Spider-Man is amazing. But he’s not as amazing as the record-high $3.4m that a page of original art from a comic book starring the web-slinging hero fetched at auction earlier this month. To understand why, we have to turn back a page. On page 24 of Marvel Super-Heroes Secret Wars #8 from 1984, a critical moment in the Spider-Man story starts to unfold. Here, Spider-Man is looking to replace his tattered disguise following a fight. At the suggestion of the Incredible Hulk, Spider-Man plugs himself into a sort of mind-reading mechanical haberdashery. But what comes out is an alarming black “glob” that attaches itself to Spider-Man’s arm. That page sold for $288,000 at Dallas-based Heritage Auctions.
Moments later, the $657,250 record price for a page of original comic book art – set in 2014 by a page from The Incredible Hulk, No. 180 (1974) that introduced the character Wolverine – was broken by the next page in the Spider-Man comic, says Sarah Cascone on ArtNet News. Here, the black glob spreads out to cover all of Spider-Man’s body. Marvel fans will know that this new iconic black costume is, in fact, a symbiotic alien life form that later inhabits new host Eddie Brock to become the arch-baddie, Venom. “Well, I’ll be an eight-ball’s uncle!” says Spidey.
The artwork, drawn by Mike Zeck, sold for ten times its opening bid of $330,000. Maybe that’s not surprising seeing that Spider-Man is the hero of the most expensive comic book ever sold. Last September, a Spider-Man comic from 1962 fetched $3.6m, also with Heritage Auctions. That was enough to beat Action Comics #1 (1938), famous for making Superman’s debut, into second place – one copy of which had sold privately for $3.3m last April. Not that Superman had too much to feel sorry about at Heritage’s sale this month. Another copy of Action Comics No.1, nicknamed the “Rocket Copy” because its cover displays a red stamp mark in the shape of a rocket put there by its original, 13-year-old (and, until now, only) owner, sold for $3.2m. Its condition was given as a CGC Fine 6.0 (10 being “Gem Mint”), which gives an indication of the strength of the market. The copy sold last April was an 8.5. Over the four days, the 1,333 lots on sale at the Heritage Auction, every one of which found a buyer, raised a combined $23.8m.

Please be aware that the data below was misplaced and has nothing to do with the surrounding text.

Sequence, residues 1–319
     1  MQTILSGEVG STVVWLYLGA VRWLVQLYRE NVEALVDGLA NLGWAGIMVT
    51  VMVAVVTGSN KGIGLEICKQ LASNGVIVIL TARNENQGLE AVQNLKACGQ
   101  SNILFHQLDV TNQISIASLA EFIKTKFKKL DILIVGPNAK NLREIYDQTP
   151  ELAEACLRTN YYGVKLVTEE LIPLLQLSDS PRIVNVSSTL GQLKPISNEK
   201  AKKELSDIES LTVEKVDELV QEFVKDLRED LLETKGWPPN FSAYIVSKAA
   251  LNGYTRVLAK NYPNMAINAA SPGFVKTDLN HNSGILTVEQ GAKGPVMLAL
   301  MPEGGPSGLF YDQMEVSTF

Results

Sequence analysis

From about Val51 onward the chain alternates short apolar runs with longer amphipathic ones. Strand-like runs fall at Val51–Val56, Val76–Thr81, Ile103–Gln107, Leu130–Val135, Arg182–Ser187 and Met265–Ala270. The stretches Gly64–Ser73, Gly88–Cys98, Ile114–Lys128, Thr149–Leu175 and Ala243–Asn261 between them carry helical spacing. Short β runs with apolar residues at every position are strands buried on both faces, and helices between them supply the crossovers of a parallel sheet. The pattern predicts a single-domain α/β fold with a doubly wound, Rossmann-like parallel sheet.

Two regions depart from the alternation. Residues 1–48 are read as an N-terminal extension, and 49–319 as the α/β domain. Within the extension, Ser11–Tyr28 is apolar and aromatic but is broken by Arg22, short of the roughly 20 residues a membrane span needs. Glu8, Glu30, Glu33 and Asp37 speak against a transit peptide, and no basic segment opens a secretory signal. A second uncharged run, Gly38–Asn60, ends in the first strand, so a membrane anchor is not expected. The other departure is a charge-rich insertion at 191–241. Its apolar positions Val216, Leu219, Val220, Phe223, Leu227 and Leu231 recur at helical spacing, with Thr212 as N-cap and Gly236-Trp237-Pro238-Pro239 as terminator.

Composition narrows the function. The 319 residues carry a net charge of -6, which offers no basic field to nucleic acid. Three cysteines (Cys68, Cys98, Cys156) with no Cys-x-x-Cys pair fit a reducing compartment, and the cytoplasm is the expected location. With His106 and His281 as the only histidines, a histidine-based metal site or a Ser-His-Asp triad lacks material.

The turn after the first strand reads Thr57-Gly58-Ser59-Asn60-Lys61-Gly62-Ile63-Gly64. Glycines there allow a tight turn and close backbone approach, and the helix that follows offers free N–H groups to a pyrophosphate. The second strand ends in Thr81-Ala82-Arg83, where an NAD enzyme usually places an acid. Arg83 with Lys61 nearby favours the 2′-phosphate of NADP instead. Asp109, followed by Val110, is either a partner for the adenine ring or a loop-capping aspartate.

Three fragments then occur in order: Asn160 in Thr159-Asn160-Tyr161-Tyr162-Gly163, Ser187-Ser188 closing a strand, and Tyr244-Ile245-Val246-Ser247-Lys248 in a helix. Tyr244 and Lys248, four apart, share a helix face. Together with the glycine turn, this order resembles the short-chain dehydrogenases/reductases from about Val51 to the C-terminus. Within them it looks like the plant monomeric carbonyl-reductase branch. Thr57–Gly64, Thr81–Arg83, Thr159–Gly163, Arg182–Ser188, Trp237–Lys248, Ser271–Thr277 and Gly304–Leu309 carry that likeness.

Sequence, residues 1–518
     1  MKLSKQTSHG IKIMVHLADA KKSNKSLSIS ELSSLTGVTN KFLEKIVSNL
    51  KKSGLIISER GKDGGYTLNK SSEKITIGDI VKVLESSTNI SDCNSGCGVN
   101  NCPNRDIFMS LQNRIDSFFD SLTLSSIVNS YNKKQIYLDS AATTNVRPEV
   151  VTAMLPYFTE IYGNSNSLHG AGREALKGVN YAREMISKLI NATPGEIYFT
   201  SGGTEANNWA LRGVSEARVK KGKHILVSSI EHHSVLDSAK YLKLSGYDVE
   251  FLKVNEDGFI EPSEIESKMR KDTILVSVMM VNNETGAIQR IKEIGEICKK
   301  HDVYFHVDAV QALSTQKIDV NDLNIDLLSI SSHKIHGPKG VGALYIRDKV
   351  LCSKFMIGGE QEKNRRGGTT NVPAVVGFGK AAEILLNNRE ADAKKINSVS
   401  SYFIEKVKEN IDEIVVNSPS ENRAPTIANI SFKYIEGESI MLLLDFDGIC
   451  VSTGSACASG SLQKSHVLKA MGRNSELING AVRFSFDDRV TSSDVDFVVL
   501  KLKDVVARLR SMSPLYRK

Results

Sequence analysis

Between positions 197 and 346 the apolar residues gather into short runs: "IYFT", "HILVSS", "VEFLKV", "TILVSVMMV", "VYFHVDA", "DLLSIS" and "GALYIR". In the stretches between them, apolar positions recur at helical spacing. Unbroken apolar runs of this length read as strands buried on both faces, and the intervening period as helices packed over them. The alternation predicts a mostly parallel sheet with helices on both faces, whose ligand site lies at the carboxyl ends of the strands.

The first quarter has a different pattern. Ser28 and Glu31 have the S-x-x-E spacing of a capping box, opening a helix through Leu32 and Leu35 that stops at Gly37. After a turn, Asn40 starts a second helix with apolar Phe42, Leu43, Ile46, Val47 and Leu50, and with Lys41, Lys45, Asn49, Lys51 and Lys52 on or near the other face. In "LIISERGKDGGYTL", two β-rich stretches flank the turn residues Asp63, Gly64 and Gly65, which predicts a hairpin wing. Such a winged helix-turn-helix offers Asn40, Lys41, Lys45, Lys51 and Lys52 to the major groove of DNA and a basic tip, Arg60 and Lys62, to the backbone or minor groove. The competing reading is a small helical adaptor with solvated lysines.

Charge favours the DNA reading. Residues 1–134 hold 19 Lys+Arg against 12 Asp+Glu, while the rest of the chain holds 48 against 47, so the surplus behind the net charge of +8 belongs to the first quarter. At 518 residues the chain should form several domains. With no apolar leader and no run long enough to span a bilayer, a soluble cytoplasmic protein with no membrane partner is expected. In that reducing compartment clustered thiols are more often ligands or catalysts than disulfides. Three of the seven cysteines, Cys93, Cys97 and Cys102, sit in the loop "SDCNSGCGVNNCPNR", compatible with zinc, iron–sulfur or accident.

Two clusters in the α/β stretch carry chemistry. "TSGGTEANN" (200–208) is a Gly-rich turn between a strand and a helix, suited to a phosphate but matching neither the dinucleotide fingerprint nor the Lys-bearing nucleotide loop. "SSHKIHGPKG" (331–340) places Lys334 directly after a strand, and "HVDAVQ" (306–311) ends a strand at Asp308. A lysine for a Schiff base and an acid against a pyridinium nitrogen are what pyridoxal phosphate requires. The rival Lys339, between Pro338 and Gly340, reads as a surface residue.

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A treasure saved
Other lots included a copy of Detective Comics, No.27, from 1939, in which we meet Batman for the first time – it sold for $1.1m. It had been kept between two hardcover books, and almost thrown out before tumbling from its hiding place. And an unrestored copy of Marvel Comics, No. 1, also from 1939 and the first to feature the Human Torch, fetched $360,000. The sales “prove what we’ve long been saying”, says Heritage Auctions’ Joe Mannarino. “Comic-book art is as beloved and valuable as anything put on canvas.”
The surprising fortunes in Pokémon
While you’re rummaging in the attic for your old comics (see above), keep an eye out for vintage Pokémon cards from the late 1990s and early noughties. Nostalgia and rarity have combined to drive a steady market in the cards, based on the popular Japanese cartoon series. Money.co.uk has trawled eBay to find the most expensive cards listed on the online auction platform. It found a mint-condition Japanese “Old Back Pokémon Trophy Card No.2 Neo Spring Battle” from 2001, featuring the character Pikachu, on sale for almost £1.3m. Whether it finds a buyer at that price is, of course, another matter. For comparison, the second highest-priced card on eBay is a gem-mint-condition “Trophy Kangaskhan Parent & Child Tournament 1998” card, featuring Kangaskhan, at £350,000 – still a lot of money for a playing card.